How Bethel’s tight-knit, Christ-centered community is prepared (and ill-prepared) to handle the COVID-19 pandemic.
By Morgan Day
“That’s 27…” my roommate joked as we passed by Royal Grounds. Twenty-seven people I’ve greeted during our brief walk from class to the DC. What can I say? It’s a small campus.
There are plenty of people whose numbers reach the thirties and forties. Welcome Week staff probably reach triple digits. It’s simply the nature of the “tight-knit community” promoted during campus tours. Everybody knows everybody; it’s a blessing and a curse.
As we jump into a new year and a “new normal,” there are a few unique aspects of Bethel that will have a strong influence on how we move forward, the first of these being the aforementioned tight-knit community.
The nature of Bethel’s small population allows students to interact in a way that isn’t possible at larger institutions. There are more opportunities to get involved, from joining clubs on campus to attending events put on by Student Activities.
As we interact more, however, we are also increasing the potential spread of COVID-19.
One might assume that the tight-knit community formed by our smaller number of students would naturally better equip us to handle the pandemic. But the need-to-know-as-many-people-as-possible toxicity that has emerged from this close community will hurt Bethel during this season.
I know I’m not the only one whose roommate has counted the number of people they interact with as they walk through campus. As students continue to meet and spend time with as many people as possible, they are widening their circle of contact, making a potential outbreak much more likely and easier to occur.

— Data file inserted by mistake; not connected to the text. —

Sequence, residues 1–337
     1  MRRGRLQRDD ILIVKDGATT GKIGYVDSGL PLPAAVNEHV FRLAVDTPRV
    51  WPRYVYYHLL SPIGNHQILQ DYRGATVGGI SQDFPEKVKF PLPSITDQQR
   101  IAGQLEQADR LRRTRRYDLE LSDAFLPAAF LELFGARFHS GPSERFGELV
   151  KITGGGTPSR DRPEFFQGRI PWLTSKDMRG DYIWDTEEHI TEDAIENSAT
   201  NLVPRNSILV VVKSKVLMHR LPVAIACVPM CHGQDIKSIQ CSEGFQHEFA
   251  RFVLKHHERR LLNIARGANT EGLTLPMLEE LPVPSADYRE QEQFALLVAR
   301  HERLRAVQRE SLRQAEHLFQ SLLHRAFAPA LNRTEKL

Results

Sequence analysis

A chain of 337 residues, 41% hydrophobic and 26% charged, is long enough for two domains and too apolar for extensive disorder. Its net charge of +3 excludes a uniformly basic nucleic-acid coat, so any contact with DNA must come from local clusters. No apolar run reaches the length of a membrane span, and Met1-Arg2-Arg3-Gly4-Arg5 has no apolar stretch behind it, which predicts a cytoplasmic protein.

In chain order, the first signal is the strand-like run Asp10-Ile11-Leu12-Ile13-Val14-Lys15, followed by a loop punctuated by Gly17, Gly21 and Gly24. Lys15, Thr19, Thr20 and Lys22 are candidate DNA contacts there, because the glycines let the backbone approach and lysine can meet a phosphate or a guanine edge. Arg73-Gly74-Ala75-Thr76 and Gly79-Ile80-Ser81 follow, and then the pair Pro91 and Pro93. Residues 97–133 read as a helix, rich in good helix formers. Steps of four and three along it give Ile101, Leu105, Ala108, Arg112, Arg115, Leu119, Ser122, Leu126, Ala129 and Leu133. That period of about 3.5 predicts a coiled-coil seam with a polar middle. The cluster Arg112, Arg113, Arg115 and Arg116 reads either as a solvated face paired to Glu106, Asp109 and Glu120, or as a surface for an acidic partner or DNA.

Our small campus allows for smaller class sizes, thus helping us foster deeper connections between peers and professors. Unfortunately, the strong relationships Bethel is known for are much more difficult to establish due to our COVID-19 reality.
Professors can offer Zoom office hours, but students are less likely to utilize this resource because of the awkwardness many associate with video calls. Small talk before virtual class is nearly nonexistent. This distance is heightened by the fact that many people don’t turn on their cameras during lectures, causing an even greater disconnect than spotty WiFi.
Despite the natural disconnect of this time, there are also aspects of our community that unite us. As a Christian institution, the Bethel community has stated its commitment to “discover what it means to live out Christ’s love in a complex world.”
Living out this mission with the Bible as their foundation, many Christians look to Christ’s command in Matthew 22:49 to “love thy neighbor as thyself.” In this time of social distancing and wearing masks, our community recognizes we should be complying with these guidelines as a way of fulfilling the Gospel.
In this sense, Bethel’s theological foundation uniquely equips our community for the ongoing pandemic. However, we also believe that the Lord is in control and that He will provide. This can, when taken out of context, cause people to believe they have the privilege of inaction because “what God wills to happen will happen.”
With this mindset, the need to wear a mask or maintain social distancing guidelines is removed. This view has presented itself throughout campus as some disregard the rules and choose socialization over safety.
While I recognize the importance of being in relationship with one another as God has intended for us, there is wisdom in being able to make social sacrifices for the sake of the greater good.
As we finish up our first week of classes and begin to adjust to life on campus, it’s clear that this semester isn’t going to play out the way we had anticipated. But with strong, focused leadership and a unified community of Christ-followers, we can work through the areas in which we are poorly equipped in order to move forward.
And although my 27 greetings now occur six feet apart, the Bethel community has a strong foundation that will help us navigate our new reality.